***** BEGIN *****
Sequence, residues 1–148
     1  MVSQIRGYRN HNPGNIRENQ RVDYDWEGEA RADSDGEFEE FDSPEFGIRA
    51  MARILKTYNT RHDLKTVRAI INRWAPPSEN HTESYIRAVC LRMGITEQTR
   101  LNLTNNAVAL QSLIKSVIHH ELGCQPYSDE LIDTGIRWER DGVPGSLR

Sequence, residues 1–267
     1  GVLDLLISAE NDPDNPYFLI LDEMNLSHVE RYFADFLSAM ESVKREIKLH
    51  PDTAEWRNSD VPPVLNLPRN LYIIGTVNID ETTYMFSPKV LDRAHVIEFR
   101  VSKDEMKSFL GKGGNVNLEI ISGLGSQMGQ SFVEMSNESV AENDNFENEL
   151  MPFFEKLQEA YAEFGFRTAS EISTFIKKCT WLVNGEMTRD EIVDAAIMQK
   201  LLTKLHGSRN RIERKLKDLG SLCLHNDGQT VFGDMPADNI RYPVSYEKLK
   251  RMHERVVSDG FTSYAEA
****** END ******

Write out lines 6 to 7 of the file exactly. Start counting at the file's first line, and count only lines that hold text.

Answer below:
     1  GVLDLLISAE NDPDNPYFLI LDEMNLSHVE RYFADFLSAM ESVKREIKLH
    51  PDTAEWRNSD VPPVLNLPRN LYIIGTVNID ETTYMFSPKV LDRAHVIEFR